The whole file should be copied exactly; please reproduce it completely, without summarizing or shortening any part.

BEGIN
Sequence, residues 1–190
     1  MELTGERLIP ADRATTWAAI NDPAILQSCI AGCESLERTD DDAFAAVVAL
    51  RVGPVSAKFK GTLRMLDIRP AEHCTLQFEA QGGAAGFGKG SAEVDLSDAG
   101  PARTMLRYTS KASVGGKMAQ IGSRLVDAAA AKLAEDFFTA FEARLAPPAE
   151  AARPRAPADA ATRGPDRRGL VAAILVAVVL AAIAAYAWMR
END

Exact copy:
Sequence, residues 1–190
     1  MELTGERLIP ADRATTWAAI NDPAILQSCI AGCESLERTD DDAFAAVVAL
    51  RVGPVSAKFK GTLRMLDIRP AEHCTLQFEA QGGAAGFGKG SAEVDLSDAG
   101  PARTMLRYTS KASVGGKMAQ IGSRLVDAAA AKLAEDFFTA FEARLAPPAE
   151  AARPRAPADA ATRGPDRRGL VAAILVAVVL AAIAAYAWMR